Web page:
I don’t have time right now to search for the most relevant article for you. Maybe in a couple of days.
      Don Stewart

    • I agree with you that the dollar cost of an energy source is often more accurate than trying to draw consistent borders for comparative EROI calculations.

      But that method comes with a giant flaw – external costs not charged to the source, as in CO2 emission costs (climate deterioration) not charged to fossil fuels.

      Another externality example is that usually the costs of intermittency are not charged to renewables because grid stability is “paid for” by other generation’s capacity to stabilize the grid.

      Yet people who grumble about the fact that renewables are intermittent don’t seem to be bothered by the fact that fossil fuel users aren’t required to capture and sequester the CO2 emitted.

      I will also point out that even though you say “the single best indication of the total energy invested is the capital cost”, with which I agree, you dismiss renewables because they are built using some oil powered equipment, rather than based their levelized cost of electricity (the combination of capital cost and O&M).

      A grid-tied energy system provides two “goods”, energy and capacity, both of which are essential because of the way we organize our economies, and energy systems also produce numerous “bads”, mostly in the form of environmental degradation. All of these benefits and costs should be included when comparing different energy systems.

    • @Joe Clarkson
      I don’t think you are referring to my opinions. At any rate, I agree with what you say.
      Don Stewart

    • @Don Stewart

      Thanks for that Don.

      I’ll see if I can get the book from my local library.

      If not, I’ll have to suck on the corporate teat and buy a copy from Amazon.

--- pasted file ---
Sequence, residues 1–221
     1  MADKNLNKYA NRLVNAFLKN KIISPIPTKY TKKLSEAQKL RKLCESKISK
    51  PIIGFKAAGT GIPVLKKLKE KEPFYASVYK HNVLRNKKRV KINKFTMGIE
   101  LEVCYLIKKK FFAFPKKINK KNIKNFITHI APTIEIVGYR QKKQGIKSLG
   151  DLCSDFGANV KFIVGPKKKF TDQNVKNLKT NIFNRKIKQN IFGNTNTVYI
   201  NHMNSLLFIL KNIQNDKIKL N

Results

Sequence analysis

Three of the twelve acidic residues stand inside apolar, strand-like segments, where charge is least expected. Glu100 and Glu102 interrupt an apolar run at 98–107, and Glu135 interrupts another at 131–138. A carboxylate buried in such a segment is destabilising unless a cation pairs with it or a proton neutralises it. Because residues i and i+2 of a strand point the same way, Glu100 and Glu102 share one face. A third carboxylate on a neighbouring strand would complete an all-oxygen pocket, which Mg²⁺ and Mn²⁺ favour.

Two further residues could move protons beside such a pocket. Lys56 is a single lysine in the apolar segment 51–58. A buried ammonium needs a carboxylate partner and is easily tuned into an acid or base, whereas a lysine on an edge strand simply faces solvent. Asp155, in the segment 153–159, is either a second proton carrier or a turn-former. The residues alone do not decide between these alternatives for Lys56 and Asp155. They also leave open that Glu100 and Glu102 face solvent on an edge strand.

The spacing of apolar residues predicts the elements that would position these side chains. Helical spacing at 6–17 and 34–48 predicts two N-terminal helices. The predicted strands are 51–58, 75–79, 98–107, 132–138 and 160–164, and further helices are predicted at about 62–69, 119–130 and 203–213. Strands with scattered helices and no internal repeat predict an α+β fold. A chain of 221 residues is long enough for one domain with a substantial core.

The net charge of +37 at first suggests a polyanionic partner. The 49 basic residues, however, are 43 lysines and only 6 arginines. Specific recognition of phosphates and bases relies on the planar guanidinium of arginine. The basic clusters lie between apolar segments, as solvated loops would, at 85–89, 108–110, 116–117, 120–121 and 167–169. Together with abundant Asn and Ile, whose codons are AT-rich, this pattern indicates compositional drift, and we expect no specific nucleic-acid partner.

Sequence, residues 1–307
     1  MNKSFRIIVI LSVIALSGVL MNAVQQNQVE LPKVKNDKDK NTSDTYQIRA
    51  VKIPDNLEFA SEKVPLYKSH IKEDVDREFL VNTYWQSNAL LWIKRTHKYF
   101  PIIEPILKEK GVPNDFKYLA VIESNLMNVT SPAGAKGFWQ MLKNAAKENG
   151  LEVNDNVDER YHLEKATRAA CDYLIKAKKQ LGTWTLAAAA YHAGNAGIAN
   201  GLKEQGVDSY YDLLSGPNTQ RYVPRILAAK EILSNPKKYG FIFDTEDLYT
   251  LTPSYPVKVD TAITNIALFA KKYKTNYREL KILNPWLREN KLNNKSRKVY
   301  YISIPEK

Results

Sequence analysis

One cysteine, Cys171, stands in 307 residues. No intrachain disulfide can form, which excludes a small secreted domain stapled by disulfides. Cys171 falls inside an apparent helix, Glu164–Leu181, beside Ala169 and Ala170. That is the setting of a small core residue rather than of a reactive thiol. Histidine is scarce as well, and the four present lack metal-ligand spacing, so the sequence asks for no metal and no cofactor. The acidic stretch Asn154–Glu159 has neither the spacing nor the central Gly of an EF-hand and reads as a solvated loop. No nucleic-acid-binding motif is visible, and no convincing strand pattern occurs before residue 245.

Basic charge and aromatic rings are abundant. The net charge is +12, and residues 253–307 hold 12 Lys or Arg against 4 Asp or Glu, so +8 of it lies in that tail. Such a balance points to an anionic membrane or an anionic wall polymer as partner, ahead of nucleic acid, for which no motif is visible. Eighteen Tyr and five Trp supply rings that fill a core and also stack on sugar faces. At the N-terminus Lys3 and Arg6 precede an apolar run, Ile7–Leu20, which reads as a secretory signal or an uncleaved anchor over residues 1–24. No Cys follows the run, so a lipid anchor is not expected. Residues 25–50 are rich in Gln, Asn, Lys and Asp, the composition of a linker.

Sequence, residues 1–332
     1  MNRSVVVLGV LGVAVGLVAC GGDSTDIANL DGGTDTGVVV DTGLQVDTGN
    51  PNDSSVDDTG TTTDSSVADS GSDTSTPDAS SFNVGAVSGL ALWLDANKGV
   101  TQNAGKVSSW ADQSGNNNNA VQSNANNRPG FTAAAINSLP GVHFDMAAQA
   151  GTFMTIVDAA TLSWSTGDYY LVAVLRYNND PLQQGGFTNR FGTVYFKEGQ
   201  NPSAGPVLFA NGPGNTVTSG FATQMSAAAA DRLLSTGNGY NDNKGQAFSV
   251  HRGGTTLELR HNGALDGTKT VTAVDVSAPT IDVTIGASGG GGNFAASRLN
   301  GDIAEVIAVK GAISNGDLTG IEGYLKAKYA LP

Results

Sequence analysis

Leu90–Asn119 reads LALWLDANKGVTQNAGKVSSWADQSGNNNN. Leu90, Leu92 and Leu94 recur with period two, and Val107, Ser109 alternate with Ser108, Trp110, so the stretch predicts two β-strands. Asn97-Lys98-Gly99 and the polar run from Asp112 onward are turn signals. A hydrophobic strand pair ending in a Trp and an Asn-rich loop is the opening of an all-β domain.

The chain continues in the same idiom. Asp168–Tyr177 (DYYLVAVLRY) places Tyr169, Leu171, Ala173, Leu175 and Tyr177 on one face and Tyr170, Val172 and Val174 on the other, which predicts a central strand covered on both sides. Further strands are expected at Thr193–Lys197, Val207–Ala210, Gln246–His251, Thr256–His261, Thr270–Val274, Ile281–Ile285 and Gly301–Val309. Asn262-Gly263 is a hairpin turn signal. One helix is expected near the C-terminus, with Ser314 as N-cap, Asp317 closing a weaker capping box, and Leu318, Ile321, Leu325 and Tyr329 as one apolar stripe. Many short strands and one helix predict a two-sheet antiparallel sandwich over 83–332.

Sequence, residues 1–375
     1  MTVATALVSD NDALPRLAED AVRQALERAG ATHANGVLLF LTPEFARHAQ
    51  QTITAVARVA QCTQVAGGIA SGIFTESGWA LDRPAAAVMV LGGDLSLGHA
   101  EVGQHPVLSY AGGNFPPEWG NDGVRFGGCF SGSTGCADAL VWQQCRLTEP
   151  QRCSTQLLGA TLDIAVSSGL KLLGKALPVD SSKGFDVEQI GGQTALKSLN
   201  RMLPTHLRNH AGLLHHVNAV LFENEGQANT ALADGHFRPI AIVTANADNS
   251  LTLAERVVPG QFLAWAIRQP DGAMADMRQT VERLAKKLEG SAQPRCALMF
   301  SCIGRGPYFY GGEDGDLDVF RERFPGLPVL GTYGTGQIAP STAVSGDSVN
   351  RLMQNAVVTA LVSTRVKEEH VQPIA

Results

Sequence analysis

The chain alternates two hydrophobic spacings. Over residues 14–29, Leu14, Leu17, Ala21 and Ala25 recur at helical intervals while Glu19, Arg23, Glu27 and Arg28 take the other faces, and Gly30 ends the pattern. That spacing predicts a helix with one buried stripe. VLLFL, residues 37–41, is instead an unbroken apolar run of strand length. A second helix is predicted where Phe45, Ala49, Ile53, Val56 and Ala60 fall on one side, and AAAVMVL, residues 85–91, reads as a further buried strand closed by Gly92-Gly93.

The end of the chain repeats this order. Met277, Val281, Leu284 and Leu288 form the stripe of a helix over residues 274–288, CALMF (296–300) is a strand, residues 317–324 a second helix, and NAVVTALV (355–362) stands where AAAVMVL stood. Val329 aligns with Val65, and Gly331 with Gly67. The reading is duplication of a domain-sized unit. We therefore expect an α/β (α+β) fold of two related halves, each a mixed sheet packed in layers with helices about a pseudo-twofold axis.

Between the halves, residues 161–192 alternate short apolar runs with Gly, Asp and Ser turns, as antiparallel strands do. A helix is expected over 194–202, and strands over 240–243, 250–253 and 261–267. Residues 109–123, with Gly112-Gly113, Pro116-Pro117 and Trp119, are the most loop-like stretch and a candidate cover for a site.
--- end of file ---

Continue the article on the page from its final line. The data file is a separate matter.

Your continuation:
I could always turn it into biochar once I’ve read it!!!!

  9. Hi Tim – does the following announcement necessarily mean, from a SEEDs perspective (and noting that historic high correlation if not identity beween energy and economic activity), that the UK government is effectively seeking to reduce the size of the UK economy by (a corresponding) 15%?:

    “…the UK sets a new ambition to reduce energy demand by 15% by 2030”


    If ‘yes’, does this illustrate the disconnect between e.g. your modelling and the economics informing government policy?

    • Much of the energy consumed in a country like the UK is embedded in products imported from overseas, so the output/energy equation needs to be assessed globally. This said, in this specific instance it would not be surprising if the UK economy, as measured by SEEDS, did contract by 15% over that period.

      On your broad question, no, they don’t get it. If you were to go back, say, ten years, you’d find similar growth projections and promises – but how have those panned out?

  10. essentials are energy intensive, therefore discretionaries are relatively labor intensive.

    Fig. 11 C:

    the essentials segment grows but doesn’t necessarily gain jobs.

    the discretionaries segment shrinks and definitely loses jobs.

    the future is not bright.

  11. Fig. 11 D:

    PXE is about $100 trillion now and projects to about $55 trillion in 2040, so the decline is roughly 3% annually.

    not bad for Haves, not good for Have-nots.